Toading at Toledo — Keys to fishing frogs for bass

By Chris Berzas

There’s more to spring bass fishing on Toledo Bend than picking lunkers off their beds. It’s also the perfect time to fish with plastic frogs, and these experts tell you how.

In Grimm’s Fairy Tales there is a story about a princess who made a deal with a frog who had secured her lost golden ball from the depths of a well.

All the frog asked in return was for the princess to love him, entertain him and let him be her constant companion.

The princess agreed, but once the ball was returned, she suddenly jumped up and returned to the castle without the creature.

The frog responded by visiting her castle and eventually gaining entrance. The king, upon hearing the terms of the deal, encouraged the princess strongly to make good her promise since she had given the medieval amphibian her word.

Let’s just say the princess came through, although she remained horribly disgusted by the frog’s continued appearance and odor. She begrudgingly obeyed her father.

Once the deal was done, the frog turned into a wonderfully handsome and rich prince. He then told the princess and king his story of a wicked witch cursing him by transforming him into a frog.

Of course, the prince and princess rode off in his custom carriage after a marriage ceremony and lived happily ever after.

What does this fairy tale have to do about bass fishing on Toledo Bend?

During the spring and summer of 2013, Toledo Bend bass anglers were also enchanted but not by any witch.

Artificial frogs were both the culprits and all the rage, resulting in stringers of hefty largemouth bass — particularly in the reservoir’s southern waters.

But, unlike the princess in the fairy tale, anglers like Johnny Watkins of Sulphur and Jason Pittman of Covington didn’t have any problem keeping their frogs as constant companions.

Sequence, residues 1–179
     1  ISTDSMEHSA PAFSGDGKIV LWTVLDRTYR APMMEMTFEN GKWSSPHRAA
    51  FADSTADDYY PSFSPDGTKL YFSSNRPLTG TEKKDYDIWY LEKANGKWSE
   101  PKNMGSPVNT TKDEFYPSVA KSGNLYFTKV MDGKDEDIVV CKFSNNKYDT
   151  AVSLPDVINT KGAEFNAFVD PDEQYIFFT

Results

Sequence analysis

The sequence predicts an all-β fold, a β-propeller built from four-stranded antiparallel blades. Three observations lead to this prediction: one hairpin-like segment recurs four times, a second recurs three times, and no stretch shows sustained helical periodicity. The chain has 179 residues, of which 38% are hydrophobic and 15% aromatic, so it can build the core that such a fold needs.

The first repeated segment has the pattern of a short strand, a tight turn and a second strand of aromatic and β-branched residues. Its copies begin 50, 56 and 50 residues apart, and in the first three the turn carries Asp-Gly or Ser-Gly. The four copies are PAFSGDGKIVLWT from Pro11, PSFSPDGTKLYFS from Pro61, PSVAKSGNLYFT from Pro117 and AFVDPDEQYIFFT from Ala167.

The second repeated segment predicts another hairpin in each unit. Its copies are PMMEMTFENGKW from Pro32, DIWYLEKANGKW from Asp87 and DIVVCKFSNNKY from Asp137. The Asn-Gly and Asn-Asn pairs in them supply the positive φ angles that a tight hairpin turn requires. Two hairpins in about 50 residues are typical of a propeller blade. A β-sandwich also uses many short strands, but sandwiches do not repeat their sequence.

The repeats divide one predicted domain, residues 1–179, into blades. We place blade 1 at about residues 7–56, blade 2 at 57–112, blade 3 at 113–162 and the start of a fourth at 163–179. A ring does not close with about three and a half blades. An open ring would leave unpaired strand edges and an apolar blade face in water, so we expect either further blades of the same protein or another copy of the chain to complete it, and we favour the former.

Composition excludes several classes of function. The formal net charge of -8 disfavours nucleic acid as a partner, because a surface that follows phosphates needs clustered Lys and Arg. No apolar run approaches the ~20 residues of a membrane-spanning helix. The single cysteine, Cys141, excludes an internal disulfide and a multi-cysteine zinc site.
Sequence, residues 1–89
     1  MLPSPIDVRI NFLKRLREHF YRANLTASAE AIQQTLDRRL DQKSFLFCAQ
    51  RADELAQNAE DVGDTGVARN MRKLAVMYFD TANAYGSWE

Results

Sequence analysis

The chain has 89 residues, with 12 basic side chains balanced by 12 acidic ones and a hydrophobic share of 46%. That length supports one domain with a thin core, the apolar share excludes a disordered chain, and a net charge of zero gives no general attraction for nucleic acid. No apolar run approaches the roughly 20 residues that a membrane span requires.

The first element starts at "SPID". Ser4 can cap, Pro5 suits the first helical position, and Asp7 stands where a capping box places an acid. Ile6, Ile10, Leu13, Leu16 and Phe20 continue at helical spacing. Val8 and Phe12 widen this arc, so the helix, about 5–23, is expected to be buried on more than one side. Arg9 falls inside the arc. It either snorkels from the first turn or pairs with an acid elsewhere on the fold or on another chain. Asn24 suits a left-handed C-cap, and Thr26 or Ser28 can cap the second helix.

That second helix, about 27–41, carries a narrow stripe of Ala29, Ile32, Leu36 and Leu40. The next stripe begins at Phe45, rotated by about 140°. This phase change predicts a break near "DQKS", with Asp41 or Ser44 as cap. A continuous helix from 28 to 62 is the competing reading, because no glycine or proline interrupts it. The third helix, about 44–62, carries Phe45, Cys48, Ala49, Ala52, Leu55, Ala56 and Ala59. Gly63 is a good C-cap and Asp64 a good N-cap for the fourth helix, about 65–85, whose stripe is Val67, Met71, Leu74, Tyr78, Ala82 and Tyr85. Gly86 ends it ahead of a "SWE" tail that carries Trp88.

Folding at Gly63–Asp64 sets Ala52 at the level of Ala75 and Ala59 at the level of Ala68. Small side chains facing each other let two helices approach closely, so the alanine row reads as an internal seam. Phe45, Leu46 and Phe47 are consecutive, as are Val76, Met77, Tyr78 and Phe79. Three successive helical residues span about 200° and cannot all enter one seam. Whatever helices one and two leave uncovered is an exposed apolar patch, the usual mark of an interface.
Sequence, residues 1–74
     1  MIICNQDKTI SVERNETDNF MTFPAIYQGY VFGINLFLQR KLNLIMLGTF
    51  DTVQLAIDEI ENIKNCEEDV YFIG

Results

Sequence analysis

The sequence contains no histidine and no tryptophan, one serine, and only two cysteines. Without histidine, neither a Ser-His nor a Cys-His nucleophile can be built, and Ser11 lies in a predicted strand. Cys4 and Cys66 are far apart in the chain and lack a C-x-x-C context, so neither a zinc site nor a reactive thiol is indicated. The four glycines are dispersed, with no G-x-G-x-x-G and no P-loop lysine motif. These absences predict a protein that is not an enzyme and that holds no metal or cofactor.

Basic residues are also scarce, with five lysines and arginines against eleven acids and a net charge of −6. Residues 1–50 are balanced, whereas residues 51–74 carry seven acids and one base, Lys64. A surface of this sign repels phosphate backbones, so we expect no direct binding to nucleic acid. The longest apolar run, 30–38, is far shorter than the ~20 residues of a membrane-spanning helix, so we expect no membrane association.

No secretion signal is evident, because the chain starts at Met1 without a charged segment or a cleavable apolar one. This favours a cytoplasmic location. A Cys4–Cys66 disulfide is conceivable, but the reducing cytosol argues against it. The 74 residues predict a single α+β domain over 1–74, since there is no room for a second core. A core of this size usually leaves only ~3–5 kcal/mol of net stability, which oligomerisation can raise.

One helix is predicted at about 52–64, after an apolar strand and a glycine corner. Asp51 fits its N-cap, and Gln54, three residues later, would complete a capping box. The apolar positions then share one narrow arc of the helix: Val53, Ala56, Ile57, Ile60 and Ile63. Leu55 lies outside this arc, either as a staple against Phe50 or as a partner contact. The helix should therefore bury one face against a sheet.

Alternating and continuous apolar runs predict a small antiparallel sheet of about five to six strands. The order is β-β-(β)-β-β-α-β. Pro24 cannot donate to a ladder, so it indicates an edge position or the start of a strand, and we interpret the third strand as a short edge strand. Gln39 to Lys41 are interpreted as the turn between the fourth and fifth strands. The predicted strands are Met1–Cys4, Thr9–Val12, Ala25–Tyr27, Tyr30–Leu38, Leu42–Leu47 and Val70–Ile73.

In February 2013, 36-year-old Watkins began throwing Stanley Jig’s melon/red pearl Top Toads wherever he could find the beginnings of grass matted edging on points in Toledo Bend south.

“I was just casting the Top Toad into the grass sticking out near points when it got bit,” he said.

Of course, he had to work the fish to the top and through the cover to get it to the boat.

The end result was an 8- pounder.

“I caught a few other bass in the 4- to 5- pound range on another point with submerged grass,” the angler said.

A little later he cast the frog on top again and a fish swirled at it.

“I cast it again and let it sit in a pocket just a couple of seconds, and it was inhaled by a 6-pounder,” Watkins said. “I had a great stringer of bass well over 20 pounds that day.”

Watkins said he and others had started taking hefty bass on the Top Toad in February on the main lake and near secondary points.

“Those fish were prespawners that were staging and feeding before moving onto the beds,” Watkins said. “I don’t think a lot of people realize how early a big bass will hit a topwater — especially if we get two to three days of warm weather.”